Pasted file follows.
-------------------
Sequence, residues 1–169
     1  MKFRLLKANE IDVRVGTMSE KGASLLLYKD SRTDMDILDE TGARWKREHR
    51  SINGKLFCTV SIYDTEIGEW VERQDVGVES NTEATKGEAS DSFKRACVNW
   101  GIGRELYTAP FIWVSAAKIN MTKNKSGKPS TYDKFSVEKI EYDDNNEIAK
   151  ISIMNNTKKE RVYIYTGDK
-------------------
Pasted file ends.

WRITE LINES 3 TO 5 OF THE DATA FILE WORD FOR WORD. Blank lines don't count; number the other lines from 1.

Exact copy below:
    51  SINGKLFCTV SIYDTEIGEW VERQDVGVES NTEATKGEAS DSFKRACVNW
   101  GIGRELYTAP FIWVSAAKIN MTKNKSGKPS TYDKFSVEKI EYDDNNEIAK
   151  ISIMNNTKKE RVYIYTGDK